This is a very different picture of Iraq from the one President Bush gave to Congress in his State of the Union address, just after I left Fallujah. He claimed that "more than 80,000 Iraqi citizens ... are fighting terrorism", but did not mention that most of them are the "terrorists" of yesterday who have switched sides. They did so partly because they hated al-Qa'ida, but also because they could see that Iraq's Shia majority had gained control of most of the government and most of Baghdad.
Back in the capital, every day brings shootings and bombings, though no longer on the industrial scale of a year ago. Kassim Ahmed, a Sunni friend from west Baghdad, had told me a week earlier that life was better in his district of al-Khudat. Now he says he heard a loud explosion and gunfire lasting 20 minutes the night before. In the morning, he learned that somebody had attacked an army checkpoint nearby and killed two soldiers, wounded two others and taken prisoner a lieutenant whom they later killed.
He has another story that illustrates the dangers of living in Baghdad, despite the supposed success of the "surge". His cousin, who works in the dental faculty of Baghdad University, had come home shocked the previous day because the dean, her boss, had just been killed as he drove to his house at 3pm. Nobody admitted to seeing the killers, but he had been shot three times in the head and once in the shoulder.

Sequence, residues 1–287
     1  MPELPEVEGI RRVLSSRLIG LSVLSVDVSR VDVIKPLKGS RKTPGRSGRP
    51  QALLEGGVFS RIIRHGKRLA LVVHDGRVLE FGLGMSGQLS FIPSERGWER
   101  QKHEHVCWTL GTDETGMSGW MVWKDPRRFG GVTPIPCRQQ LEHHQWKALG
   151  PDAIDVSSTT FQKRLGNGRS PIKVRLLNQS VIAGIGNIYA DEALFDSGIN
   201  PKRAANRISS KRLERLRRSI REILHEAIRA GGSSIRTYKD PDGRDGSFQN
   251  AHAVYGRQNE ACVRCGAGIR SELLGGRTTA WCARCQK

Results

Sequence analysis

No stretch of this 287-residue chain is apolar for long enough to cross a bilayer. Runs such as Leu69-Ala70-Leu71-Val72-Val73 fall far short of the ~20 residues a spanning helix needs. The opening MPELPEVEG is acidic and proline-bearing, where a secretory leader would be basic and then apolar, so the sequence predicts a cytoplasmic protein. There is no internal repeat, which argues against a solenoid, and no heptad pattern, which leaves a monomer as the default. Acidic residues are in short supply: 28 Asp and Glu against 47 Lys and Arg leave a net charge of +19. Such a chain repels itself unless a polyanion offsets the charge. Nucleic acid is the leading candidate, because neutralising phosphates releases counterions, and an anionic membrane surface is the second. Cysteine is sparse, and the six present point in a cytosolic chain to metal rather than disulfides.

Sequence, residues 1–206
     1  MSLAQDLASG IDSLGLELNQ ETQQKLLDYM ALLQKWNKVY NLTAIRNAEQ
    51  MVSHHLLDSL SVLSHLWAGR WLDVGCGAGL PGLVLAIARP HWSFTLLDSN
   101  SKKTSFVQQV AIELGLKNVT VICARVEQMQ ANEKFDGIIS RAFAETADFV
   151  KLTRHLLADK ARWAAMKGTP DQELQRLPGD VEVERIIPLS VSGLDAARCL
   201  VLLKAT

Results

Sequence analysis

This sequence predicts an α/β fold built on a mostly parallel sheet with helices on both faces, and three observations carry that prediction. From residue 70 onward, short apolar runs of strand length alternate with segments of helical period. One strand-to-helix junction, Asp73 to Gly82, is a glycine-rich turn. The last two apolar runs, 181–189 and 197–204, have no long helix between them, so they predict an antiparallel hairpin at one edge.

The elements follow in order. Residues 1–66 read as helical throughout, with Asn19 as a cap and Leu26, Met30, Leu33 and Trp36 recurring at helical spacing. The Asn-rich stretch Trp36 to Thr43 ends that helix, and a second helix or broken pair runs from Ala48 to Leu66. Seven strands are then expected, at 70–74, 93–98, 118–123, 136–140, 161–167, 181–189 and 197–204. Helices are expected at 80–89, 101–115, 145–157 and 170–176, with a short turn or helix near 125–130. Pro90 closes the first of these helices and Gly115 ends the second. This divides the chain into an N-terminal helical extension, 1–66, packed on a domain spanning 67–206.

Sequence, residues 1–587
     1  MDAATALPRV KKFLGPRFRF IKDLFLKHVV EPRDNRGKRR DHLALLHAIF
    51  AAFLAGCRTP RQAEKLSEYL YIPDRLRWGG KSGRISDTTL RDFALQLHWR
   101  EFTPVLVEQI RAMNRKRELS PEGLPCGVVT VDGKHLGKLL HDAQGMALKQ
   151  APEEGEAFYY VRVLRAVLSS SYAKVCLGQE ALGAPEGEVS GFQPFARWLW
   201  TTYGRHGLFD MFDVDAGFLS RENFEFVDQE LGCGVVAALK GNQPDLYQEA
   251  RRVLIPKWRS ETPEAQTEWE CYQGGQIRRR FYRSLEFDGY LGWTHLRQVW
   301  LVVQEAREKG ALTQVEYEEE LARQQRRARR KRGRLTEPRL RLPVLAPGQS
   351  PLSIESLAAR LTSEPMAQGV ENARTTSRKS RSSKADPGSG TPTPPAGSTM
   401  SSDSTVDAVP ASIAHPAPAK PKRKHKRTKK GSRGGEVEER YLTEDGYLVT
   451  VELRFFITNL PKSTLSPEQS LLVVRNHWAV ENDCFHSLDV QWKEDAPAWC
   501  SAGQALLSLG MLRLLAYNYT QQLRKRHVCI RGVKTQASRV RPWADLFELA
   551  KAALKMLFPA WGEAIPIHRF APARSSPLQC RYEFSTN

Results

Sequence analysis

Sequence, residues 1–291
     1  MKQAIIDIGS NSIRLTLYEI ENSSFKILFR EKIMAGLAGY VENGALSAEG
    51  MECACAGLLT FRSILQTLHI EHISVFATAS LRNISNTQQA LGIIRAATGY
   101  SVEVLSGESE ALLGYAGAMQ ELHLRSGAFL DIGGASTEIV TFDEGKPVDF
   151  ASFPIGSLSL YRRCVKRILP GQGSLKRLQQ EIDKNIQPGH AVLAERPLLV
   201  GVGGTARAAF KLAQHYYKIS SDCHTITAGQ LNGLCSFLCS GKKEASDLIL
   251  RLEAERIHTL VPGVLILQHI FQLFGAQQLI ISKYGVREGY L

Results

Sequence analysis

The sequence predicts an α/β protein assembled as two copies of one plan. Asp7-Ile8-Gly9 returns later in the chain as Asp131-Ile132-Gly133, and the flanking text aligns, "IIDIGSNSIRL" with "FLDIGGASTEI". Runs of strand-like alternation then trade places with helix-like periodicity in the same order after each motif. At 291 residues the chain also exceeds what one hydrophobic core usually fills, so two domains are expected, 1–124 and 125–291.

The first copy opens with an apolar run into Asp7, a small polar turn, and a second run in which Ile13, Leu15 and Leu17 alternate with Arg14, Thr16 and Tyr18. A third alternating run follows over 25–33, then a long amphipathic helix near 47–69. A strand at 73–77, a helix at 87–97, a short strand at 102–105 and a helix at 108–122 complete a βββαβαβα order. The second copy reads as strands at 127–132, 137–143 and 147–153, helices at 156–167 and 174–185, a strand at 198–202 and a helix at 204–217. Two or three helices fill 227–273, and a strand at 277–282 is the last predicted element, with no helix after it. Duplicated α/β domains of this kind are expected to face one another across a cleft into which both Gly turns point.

He was a member of the Shia religious party al-Dawa, and colleagues say privately he was given his job because of his political actions. Could better-qualified, frustrated professional rivals have sent assassins to kill him? Alternatively, kidnappers might have tried to drag the dean from his car, and shot him when he resisted.
Baghdad was paralysed by fear a year ago, and, to a great extent, it still is. Some new shops have opened, but this is misleading as a sign of progress, because they are in the heart of Sunni or Shia districts. Nobody wants to move far from their own home to shop.
The east side of Baghdad is safer than the west because it is overwhelmingly Shia, and some shops stay open in the evening. In the west, where there are more Sunnis, I drove three or four miles on Wednesday night at 8pm and saw only three cars, aside from military vehicles, along the way.
The US commander in Iraq, General David Petraeus, and the US ambassador, Ryan Crocker, are cautious about claiming that America is winning. But on Thursday I saw a US television commentator refer first to President Bush's "victory" in Iraq and then, correcting herself, say apologetically: "I mean his success."
A dozen hours later, suicide bombers from al-Qa'ida had blown themselves up in the bird markets with the aim of restarting sectarian war between Sunnis and Shias, something that people in Baghdad fear more than anything else. If al-Qa'ida accomplishes that aim, not even the most blinkered American analyst would dare to talk of "success", let alone "victory".